The Iraqis expect President Bush to agree to such an arrangement, and they say al-Maliki will then ask for the Americans to start discussing a timetable for the withdrawal of U.S. troops, according to one of the officials, who spoke on condition of anonymity because of the sensitive nature of the information.
The second official, who spoke anonymously for the same reason, said American officials had indicated in preparatory talks in Baghdad that Bush was open to increasing the pace of the security hand-over.
"The responsibilities of U.S. troops will decrease when security is transferred to Iraqis, and that will mean the Americans have more soldiers here than they need," the second official said.
Also on the Iraqi agenda, the officials said, would be al-Maliki's insistence that the United States pressure its Sunni Arab allies in the region to stop what Baghdad claims is support for the Iraqi insurgency.
Lastly, al-Maliki wants to get an outline of the U.S. view of the strategic relationship that would exist as the Americans draw down their presence in the country, the officials said.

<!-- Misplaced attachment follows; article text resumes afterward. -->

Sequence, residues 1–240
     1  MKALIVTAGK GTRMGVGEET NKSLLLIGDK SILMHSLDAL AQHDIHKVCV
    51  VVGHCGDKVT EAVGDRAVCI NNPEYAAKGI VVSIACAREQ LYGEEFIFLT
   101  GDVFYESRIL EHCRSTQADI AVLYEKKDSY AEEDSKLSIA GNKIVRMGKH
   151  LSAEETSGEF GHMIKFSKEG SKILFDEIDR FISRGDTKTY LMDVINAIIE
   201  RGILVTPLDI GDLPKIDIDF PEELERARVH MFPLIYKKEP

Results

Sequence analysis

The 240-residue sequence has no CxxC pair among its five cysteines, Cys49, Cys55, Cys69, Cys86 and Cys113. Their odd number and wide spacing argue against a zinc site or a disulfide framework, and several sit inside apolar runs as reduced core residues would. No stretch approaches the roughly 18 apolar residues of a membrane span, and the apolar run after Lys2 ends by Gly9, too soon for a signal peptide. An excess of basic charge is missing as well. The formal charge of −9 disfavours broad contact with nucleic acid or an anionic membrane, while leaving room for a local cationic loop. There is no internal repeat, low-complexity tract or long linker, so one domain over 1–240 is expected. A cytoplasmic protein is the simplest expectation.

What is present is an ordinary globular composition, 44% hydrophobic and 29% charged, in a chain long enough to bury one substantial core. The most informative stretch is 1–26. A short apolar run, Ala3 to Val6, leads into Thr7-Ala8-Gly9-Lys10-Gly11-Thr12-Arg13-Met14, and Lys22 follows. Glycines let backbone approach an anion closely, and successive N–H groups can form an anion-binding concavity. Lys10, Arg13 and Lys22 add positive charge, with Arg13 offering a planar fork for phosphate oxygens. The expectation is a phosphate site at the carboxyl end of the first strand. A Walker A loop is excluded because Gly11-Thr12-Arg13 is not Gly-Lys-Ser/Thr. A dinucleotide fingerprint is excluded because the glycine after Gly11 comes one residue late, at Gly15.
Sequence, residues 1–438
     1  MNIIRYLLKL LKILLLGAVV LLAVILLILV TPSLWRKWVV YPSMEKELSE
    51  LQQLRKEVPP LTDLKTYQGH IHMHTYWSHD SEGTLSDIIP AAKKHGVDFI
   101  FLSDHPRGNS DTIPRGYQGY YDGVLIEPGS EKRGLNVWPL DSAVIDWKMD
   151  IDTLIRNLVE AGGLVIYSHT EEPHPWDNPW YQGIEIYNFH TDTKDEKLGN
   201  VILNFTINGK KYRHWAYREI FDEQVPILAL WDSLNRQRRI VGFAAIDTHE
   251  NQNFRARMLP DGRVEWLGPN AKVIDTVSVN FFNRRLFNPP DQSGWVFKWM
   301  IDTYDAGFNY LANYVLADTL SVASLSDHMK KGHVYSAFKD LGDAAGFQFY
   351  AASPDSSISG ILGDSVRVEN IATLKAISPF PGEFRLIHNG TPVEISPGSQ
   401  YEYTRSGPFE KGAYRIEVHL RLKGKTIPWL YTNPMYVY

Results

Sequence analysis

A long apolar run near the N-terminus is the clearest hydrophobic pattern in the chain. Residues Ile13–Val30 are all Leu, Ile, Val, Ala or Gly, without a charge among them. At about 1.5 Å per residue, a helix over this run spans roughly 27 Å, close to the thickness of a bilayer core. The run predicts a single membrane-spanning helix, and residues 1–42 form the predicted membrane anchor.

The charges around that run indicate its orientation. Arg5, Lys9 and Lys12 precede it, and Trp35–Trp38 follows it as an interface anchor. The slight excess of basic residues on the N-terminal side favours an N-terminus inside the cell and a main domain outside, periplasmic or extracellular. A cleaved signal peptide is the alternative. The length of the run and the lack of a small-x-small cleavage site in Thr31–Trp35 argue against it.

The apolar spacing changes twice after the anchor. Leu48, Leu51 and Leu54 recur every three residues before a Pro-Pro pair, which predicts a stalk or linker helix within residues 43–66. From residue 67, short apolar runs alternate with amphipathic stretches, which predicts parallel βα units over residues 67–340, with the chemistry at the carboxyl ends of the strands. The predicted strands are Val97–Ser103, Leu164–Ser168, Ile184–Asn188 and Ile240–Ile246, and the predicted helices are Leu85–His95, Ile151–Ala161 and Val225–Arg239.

As the summit approached, Britain said on Monday it expected to withdraw thousands of its 7,000 military personnel from Iraq by the end of next year, and Poland and Italy announced the impending pullout of their remaining troops.
The Iraqi officials said they expected al-Maliki would brief Bush on the outcome of Talabani's meetings with Ahmadinejad.
Al-Maliki also was expected to explain his thoughts on how Syria, Iraq's western neighbor, could play a role in calming violence. Al-Maliki lived in exile in Syria during Saddam's rule.